Date night!

You know you’re a ranch manager’s wife if your date nights look like this:

manager's wife

Beau (the ranch manager) and I (the straw boss around here) are a young(ish) couple with four small kids.  Some of our peers are super into date nights and speak glowingly of the ability of a night out, without kids, to revive and reconnect a marriage.  I like to think that Beau and I are both pretty low-maintenance mates, and so — right or wrong — date night usually seems like an impractical thing for us to accomplish in any given 24-hour period.  Sleeping on the couch while half-watching Longmire after the kids are asleep?  That we can maybe accomplish.  That seems practical.  But rounding up a babysitter, driving a half hour to the nearest movie theater or eatery (okay, I mean bar there — this is Eastern Montana, after all), and finding some extra cash at the bottom of the budget after a month of buying groceries and diapers for our herd?  We hardly find it worth the effort.

However.  If we receive a card in the mail that contains wording like “rancher information seminar” and “dinner will be served” (which suggests free food) and, what’s more, a promise of a discussion on “mineral nutrition” and even a “special offer”… well… we can hardly turn down the opportunity for a date night.

So last week Beau and I left the three big kids with Grandma — I don’t go anywhere without Baby Muggins yet — and treated ourselves to a date night ranch manager style.  We left the house mostly on time and drove the 27 miles north to the almost-ghost-town of Ingomar, home to the Jersey Lilly.  I always enjoy leaving the Yellowstone Valley behind on the drive north across the treeless and barren pastureland which probably wouldn’t appeal to all folks but of which I am especially fond.  I especially enjoy driving alone in the vehicle with Beau, without little pitchers and big ears tuning in from the backseat.  (Beau and I often grin over a previous time in our marriage, when the two of us were so caught up in work and caring for children and falling into bed exhausted at the end of every day that we had gone entirely too long without an opportunity to discuss important grown-up subjects without little kids listening in.  Resultantly, we were minding our manners in conversation instead of really getting down to the nitty gritty.  In presenting to him our need for some time along together, we both remember me hollering at him, “The purpose of a date night is not ROMANCE!  The purpose of a date night is me being able to say whatever in the hell I want to say to you!”)

(Suffice it to say Beau is the romantic in our relationship.  I was raised on Eastern Montana values, for goodness sake.  We’re trying to survive here, folks!  There’s no time for romance!)

(God bless Beau for putting up with me all these years.)

Anyhow, the two of us very much enjoyed our night on the town courtesy of Valley Farmers Supply.  Our hosts were gracious, the drinks were much needed, the food at the Jersey Lilly was comforting as ever, and it was good to see folks and visit.

Now, full disclaimer:  Though I consider myself to be interested in and proficient at most areas of ranch management — I mean, I am the self-certified straw boss around here — animal nutrition is not one of my areas of interest or expertise.  When people start dropping words like rumen health, calcium, copper, magnesium, and iron, I have a hard time focusing.  The premise is, of course, that (just like humans are in need of vitamins and essential oils — he-he-he!) cows are in need of supplements to balance the workings of their bodies and in order to maximize production.  And so we humans attend information seminars to make educated decisions about what the cows here need most.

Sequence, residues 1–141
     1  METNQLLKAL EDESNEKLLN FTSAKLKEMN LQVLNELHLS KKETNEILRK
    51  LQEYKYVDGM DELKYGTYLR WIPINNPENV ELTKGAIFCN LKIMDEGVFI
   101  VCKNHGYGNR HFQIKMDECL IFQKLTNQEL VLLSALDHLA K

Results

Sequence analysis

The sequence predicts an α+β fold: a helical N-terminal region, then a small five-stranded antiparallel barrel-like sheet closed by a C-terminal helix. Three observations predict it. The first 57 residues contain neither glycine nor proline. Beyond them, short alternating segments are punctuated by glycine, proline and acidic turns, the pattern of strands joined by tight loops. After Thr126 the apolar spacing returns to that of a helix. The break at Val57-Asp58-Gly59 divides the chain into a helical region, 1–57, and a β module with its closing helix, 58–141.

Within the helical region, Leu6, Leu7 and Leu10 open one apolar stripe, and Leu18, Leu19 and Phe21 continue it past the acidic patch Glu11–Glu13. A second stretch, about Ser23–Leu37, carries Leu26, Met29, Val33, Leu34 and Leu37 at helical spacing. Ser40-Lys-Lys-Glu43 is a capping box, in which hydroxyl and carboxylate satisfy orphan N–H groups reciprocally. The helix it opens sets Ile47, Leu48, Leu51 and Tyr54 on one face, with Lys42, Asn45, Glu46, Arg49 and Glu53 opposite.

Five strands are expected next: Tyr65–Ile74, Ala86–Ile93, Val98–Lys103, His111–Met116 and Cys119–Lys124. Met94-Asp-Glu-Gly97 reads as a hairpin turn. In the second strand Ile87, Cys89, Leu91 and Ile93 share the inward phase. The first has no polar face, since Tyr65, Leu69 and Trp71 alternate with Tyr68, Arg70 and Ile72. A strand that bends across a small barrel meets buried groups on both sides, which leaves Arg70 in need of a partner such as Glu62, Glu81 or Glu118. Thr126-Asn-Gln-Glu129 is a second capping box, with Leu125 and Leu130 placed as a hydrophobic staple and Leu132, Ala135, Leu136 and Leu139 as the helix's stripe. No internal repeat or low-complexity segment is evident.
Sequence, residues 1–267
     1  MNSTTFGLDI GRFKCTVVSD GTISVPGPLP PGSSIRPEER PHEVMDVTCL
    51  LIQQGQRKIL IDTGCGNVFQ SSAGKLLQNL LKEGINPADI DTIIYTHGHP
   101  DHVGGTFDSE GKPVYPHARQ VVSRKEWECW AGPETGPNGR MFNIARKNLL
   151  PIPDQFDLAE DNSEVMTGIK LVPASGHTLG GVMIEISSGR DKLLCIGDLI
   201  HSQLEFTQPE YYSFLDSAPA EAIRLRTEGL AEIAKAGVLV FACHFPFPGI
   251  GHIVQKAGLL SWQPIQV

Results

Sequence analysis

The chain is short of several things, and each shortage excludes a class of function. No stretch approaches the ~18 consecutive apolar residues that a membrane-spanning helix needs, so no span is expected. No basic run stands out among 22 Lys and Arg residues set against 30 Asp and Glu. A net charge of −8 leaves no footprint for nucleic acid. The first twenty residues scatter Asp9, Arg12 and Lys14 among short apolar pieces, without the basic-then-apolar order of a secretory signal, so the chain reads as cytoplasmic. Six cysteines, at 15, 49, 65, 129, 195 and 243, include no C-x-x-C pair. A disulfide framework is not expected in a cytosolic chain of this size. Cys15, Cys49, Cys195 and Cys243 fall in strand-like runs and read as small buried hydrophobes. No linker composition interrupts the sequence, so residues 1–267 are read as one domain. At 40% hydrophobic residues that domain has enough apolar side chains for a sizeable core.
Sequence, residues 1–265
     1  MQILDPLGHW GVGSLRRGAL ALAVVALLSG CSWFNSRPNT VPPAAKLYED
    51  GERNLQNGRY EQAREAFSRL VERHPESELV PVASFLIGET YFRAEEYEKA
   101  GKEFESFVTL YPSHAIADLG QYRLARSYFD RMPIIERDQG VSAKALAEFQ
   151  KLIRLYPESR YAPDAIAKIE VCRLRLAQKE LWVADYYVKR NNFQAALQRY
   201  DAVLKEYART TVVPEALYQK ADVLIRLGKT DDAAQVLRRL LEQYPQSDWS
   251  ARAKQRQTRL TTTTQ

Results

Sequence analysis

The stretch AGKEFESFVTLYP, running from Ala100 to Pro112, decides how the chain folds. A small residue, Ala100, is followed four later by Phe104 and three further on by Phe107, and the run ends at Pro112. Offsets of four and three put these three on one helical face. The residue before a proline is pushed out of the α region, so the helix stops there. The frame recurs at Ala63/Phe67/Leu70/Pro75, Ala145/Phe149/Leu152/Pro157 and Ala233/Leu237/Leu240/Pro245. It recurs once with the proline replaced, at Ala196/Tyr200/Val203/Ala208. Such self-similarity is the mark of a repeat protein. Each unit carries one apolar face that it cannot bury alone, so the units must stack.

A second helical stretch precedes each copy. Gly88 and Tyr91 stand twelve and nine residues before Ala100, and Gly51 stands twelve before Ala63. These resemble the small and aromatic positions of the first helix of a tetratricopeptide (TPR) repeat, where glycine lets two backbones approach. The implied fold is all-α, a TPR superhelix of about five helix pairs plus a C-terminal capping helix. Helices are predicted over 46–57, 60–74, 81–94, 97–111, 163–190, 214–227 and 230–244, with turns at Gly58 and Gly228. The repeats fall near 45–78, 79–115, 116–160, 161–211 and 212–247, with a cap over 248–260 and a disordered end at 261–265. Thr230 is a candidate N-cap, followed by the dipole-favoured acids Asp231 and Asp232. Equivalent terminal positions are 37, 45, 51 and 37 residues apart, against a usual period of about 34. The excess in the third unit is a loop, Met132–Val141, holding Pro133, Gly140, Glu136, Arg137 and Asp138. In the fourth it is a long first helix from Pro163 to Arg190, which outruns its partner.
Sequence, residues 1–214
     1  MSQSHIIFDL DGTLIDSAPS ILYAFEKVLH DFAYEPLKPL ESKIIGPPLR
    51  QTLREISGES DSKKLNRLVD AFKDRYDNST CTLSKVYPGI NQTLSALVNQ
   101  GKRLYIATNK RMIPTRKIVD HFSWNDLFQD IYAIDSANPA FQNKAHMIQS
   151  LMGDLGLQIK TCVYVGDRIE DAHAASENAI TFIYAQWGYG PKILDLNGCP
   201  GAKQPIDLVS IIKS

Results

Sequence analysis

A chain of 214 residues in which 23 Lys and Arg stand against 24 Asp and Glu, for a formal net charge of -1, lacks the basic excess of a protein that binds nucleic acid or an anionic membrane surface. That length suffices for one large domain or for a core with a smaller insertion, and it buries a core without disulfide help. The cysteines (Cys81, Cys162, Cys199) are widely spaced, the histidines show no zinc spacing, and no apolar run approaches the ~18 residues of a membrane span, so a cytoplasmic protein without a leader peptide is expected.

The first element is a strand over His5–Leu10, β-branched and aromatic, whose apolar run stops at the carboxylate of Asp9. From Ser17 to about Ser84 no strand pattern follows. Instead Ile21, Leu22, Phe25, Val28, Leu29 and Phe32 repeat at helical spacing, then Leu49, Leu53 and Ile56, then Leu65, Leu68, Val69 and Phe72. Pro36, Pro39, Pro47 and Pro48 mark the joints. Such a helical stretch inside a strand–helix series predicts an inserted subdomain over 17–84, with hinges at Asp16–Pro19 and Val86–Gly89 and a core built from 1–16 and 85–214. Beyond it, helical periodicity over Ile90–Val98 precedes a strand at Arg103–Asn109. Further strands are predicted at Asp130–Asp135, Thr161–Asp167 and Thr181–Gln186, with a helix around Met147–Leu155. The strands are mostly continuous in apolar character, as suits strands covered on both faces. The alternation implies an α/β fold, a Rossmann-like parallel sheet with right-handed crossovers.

I feel like I just don’t have the brain power at this point of motherhood to invest time in cracking the code of which, of all the minerals and lick tubs on the market, the cows in any given pasture would benefit from.  I am easily overwhelmed by all the options available from all the different companies seeking to sell their wares to the ranch, which makes me completely susceptible to sales gimmicks.  Buy me supper?  I favor your product.  Give me an embroidered vest?  I think I like yours best.  Deliver a box of donuts to my front door?  Yes, we need 200 tons of whatever you’re selling!

The good news is that Beau thrives both on scientific equations and comparison shopping.  He welcomes the challenge of solving the mystery of which cows are deficient in what and which soils are proficient in something else and how mixing it all up could result in better herd health.  So I just humbly bow out and leave herd nutrition completely up to him, without even pretending that he needs me to weigh in with an opinion.  And I bet he thinks to himself, Phew!  For once this woman is not going to weigh in with her opinion!

Long story short, after Baby Muggins attempted to jerk the projector off the table by the extension cord at the Rancher Information Seminar, he and I retired to the pickup.  We left Beau finishing up the last of his Pendleton & Seven, engaged in a heated debate concerning percent solids in water and bentonite.  Baby Muggins was soon sound asleep in my arms as I sat curled up in the passenger seat with my Kindle glowing warmly in my hands — the importance of reading aloud to children of all ages was the topic I chose to soak up that night (check out The Read-Aloud Family by Sarah Mackenzie).  After Beau took his fill of rumen-talk, he returned to the pickup and drove me home… in blissful quiet.

And that, ladies and gentlemen, is how date night is done.

© Tami Blake

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